My friend and neighbor, Mary Beth, is a professor of pharmacology at a local university and has been teaching her classes remotely online since the Covid outbreak in 2020. I asked her how virtual teaching differs most from teaching an in-person class.
Here are some of her observations:
Students aren’t required to use video, so there is no way for her to know if they are participating. When they do use video, as you may know from virtual meetings, you only see the face. It robs her of the ability to know if she’s being effective. “It’s so much about body language,” Mary Beth says, “and without in-person communication, you lose that perspective.” She says she tends to over-gesture with her hands to compensate for the lack of visual cues.
Why is body language more important than words?
Body language is something that communicates but is not a word. It is known as non-verbal communication. We can learn a lot from body language-sometimes more than with verbal communication. Researcher Albert Mehrabian’s famous 7-38-55 rule states that spoken words, tone of voice, and body language respectively account for 7, 38, and 55 percent of the meaning we communicate to others.
Posture can reveal much about how someone feels, as well as hints about personality characteristics, such as if a person is confident, insecure, or submissive. Sitting upright, for example, may show that a person is focused and paying attention to what’s going on.
Hand signals, such as where the hands are placed, if one or both hands are in pockets, if they’re dangling, or balled into fists. This reveals much about how someone is feeling, like an emotional barometer.
Arm position says a lot as well; folded across the chest firmly, outstretched, and open, tightly at your side.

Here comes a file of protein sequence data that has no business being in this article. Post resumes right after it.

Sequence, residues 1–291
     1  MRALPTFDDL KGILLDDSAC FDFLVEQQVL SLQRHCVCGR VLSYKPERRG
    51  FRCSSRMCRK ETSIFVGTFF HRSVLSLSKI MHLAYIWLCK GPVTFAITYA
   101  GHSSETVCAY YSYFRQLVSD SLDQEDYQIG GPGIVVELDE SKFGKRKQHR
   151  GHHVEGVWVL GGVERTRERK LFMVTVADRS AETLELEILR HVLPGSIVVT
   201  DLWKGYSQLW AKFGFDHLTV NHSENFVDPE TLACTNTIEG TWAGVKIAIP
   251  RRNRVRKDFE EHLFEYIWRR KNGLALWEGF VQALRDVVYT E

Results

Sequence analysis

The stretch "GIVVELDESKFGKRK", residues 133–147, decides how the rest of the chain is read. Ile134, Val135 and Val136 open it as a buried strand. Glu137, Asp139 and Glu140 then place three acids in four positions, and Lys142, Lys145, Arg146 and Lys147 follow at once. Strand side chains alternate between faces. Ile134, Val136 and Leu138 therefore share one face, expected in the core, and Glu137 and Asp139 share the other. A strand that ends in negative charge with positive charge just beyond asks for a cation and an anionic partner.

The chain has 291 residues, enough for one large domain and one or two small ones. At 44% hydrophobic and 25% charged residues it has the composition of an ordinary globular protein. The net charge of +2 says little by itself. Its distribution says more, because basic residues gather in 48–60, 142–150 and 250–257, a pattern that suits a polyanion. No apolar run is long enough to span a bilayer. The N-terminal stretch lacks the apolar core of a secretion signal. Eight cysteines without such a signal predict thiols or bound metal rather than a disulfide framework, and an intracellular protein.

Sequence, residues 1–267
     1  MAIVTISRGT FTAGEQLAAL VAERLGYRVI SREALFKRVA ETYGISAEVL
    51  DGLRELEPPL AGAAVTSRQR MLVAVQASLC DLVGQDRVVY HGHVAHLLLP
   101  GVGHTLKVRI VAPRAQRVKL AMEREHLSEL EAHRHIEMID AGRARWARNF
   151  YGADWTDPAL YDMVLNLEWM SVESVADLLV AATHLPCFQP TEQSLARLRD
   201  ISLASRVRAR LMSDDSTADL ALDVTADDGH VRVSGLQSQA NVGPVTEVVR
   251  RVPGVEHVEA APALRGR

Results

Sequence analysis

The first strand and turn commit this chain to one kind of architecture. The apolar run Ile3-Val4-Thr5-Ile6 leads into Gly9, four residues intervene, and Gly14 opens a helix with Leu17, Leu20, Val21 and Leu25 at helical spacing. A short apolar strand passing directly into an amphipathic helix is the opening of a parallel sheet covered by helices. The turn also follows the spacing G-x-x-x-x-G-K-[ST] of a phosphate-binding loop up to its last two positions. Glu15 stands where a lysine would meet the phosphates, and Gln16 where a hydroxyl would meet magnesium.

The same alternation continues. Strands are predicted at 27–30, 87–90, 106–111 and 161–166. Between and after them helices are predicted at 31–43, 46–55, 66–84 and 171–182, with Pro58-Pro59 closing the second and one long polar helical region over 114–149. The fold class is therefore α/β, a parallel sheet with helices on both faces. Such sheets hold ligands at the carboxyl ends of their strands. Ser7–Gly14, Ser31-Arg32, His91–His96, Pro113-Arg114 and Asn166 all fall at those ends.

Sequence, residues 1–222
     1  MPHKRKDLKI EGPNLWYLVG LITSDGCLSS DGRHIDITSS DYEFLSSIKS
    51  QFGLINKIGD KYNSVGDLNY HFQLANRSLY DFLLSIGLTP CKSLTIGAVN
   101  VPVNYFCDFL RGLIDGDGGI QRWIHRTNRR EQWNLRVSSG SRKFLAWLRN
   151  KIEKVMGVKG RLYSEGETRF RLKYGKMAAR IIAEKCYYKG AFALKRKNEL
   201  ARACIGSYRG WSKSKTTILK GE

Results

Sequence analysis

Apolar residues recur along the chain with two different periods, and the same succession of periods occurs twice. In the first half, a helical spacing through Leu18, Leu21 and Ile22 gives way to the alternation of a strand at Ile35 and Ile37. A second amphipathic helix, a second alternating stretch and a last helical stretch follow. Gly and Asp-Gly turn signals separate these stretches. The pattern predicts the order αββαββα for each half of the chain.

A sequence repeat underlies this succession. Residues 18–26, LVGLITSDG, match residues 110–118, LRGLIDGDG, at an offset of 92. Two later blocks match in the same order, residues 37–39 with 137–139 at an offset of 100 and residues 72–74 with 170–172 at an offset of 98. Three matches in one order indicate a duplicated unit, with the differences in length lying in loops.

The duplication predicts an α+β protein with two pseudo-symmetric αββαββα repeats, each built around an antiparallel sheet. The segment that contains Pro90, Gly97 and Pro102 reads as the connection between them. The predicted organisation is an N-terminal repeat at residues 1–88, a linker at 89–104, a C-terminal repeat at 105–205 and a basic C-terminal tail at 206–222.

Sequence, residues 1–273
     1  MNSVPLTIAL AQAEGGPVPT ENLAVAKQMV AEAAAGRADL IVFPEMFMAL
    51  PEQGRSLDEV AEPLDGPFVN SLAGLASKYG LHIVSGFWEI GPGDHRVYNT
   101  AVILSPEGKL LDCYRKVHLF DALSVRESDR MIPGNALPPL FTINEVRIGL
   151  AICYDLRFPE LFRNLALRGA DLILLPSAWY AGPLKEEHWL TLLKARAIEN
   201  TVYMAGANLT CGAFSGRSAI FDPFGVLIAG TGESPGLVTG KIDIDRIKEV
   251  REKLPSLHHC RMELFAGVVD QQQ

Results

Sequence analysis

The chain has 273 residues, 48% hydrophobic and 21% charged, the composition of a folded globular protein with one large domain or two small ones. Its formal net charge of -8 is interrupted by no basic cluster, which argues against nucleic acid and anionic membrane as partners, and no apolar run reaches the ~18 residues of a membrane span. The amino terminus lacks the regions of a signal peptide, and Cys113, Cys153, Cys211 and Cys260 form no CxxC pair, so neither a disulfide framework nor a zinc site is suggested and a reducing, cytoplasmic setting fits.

A talented communication professional will have the ability to express meaningful body language through still imagery, video or animation. This tactic helps the audience better identify with the brand, making them more likely to have trust in the service/product, make the purchase and then usually, have long term brand loyalty as well.
The 4 Types of Body Language
Take a look at the 4 Types of body language and see if you can understand each meaning. You may see yourself in several of them—but which one stands out predominantly to you
- Type 1 Energy
Upward, light, animated
You walk with a buoyant, bouncy spring in your step. You use a lot of movement when sitting and standing, shifting your position quite often. You sometimes appear to be restless and fidgety to others, as you do not like to sit or stand still, focusing on one thing for too long. You often sit with your legs crisscrossed or very comfortably on the floor.
- Type 2 Energy
Fluid, flowing, soft
You have a balanced and graceful walk. You have a longer stride and keep your feet close to the ground. There is no pep in your step, rather a very fluid, flowing movement. You sit and stand with a relaxed bend, often holding your head to the side.
- Type 3 Energy
Active, reactive, substantial